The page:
The Bolognese is a very affectionate dog and needs a lot of love and attention from its owners. This dog breed has a strong protective instinct towards its family members and can therefore be used as a guard dog.

Important to know

As with all dog breeds, it is important that the Bolognese receives regular veterinary checkups to ensure that it remains healthy. You should also make sure he receives all the necessary vaccinations. The Bolognese is prone to certain health problems such as tartar buildup and eye problems.

Calm & balanced


Body & Appearance


Coat care
Suitable for children
This is the Bolognese


The Bolognese belongs to the small dog breeds and has a square build, with which it grows up to 30 cm, about the size of a cat. The small dog weighs between 2.5 and 4 kg.

Bolognese are graceful dogs and move prancingly and elegantly. Are at the same time have a very serene and cheerful appearance and are not very active.

They have short legs, long drooping ears and a high set tail that they carry bent over their back. The noses and beady eyes of the dogs are black.

The coat of the Bolognese resembles a cotton ball. It is fluffy and fluffy, not clinging and long all over the body, including on the paws. The soft fluffs may be curly and consist entirely of top coat, as the dogs have no or very little undercoat. The coat does not form fringes and should be white or ivory.

A change of coat between summer and winter does not take place.


The Bolognese is an extremely modest , balanced, cuddly and affectionate guy . The most important thing for him is to spend as much time as possible with his favorite people. It makes relatively no difference to him whether he takes them for a short walk, plays with them, cuddles them or makes himself comfortable on the sofa. This adaptable dog loves his people more than anything and is prone to separation anxiety, so it is best for him if they are home as much as possible. He is also not particularly active, so he has no requirements for much exercise. However, he is always available for games. Due to his intelligence and dexterity , you can also excellently rehearse tricks with him. He is also well suited for outdoor walks as he has virtually no hunting instinct.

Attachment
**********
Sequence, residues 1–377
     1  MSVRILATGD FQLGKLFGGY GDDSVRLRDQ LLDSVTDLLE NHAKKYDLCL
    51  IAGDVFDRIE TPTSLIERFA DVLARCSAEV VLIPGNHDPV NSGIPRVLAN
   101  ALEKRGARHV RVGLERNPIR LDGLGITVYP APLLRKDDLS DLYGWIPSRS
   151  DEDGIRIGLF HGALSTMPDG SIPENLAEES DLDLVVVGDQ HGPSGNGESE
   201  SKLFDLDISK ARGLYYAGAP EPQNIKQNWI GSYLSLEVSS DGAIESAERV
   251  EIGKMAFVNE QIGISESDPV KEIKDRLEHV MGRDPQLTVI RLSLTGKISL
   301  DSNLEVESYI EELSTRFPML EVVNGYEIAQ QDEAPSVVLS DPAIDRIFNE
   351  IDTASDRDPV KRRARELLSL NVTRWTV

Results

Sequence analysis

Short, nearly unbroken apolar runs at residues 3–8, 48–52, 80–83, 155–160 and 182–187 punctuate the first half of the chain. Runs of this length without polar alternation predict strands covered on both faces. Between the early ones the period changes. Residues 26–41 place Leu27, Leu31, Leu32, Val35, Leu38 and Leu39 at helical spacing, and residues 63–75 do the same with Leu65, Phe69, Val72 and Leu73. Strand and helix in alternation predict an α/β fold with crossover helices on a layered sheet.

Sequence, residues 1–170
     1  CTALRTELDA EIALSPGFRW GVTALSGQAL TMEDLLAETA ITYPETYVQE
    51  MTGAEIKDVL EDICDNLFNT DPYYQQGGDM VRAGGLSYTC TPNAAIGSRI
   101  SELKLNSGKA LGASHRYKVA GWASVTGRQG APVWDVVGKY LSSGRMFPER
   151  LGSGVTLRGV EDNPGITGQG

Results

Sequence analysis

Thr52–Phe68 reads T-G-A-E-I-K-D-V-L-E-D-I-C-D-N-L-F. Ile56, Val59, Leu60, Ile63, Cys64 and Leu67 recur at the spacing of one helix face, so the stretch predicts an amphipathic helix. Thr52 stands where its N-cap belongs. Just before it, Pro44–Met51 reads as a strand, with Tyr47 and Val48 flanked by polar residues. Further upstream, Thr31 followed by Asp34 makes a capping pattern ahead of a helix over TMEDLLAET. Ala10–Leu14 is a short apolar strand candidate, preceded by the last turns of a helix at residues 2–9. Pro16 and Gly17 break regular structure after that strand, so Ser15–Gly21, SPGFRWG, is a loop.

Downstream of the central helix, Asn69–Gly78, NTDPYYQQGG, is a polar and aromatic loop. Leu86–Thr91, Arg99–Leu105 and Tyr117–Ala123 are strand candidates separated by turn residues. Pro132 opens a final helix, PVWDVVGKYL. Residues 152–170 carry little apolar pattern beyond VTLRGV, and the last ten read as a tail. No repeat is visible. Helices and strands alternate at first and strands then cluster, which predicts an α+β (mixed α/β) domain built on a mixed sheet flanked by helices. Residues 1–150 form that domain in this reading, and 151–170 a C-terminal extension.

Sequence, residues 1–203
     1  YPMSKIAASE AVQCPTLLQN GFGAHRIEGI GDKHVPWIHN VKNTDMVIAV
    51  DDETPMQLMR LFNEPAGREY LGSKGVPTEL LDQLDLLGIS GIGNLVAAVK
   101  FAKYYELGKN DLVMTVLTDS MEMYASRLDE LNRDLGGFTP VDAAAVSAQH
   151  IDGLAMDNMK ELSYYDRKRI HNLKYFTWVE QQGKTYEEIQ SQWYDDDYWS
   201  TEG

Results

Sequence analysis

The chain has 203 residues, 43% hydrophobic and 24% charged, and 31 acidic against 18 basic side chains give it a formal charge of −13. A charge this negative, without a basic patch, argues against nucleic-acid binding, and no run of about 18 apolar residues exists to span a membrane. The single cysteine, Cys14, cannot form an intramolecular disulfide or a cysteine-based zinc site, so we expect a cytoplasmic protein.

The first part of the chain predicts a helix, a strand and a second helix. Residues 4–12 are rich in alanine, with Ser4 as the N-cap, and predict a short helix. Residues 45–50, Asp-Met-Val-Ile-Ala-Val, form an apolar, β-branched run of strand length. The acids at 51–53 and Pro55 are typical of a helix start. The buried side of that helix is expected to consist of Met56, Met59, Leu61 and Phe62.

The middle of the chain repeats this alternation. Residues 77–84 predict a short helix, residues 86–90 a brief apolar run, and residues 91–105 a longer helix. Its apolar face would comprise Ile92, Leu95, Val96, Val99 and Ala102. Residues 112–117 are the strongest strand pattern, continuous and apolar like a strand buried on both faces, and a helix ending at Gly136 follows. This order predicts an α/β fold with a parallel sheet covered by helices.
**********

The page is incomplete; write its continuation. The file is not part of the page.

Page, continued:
The extremely loyal, curious and smart dog gets along very well with children as well as with other pets. Only towards strangers the Bolognese can be a little reserved . Although he very rarely barks per se, it can happen from time to time with strangers. Here he surprises with an unexpectedly deep voice, which you can’t tell from the little guy.


The dogs’ willingness to learn and their intelligence are of great benefit to their owners when raising Bolognese. The little bundles of energy learn quickly and remember what they are allowed and what not, so you are easy to train even without dog experience.

The Bolognese also does not demand great athleticism from his people. He is extremely happy with occasional walks and walkies. He is also not a representative of the dogs who have to go outside in all wind and weather, but also likes to stay in the good, warm room. Athletic people should be careful not to overload the little four-legged friends.

Bolognese are suitable for both single people and families, only they do not like to be alone. Therefore, they are also perfect, for example, for older people who are at home a lot.

In addition, since they do not have a strong urge to move, they are happy in city apartments as long as they are allowed to be near their humans. At the same time, they are welcome to be taken everywhere, even on vacation.

Nutrition and care: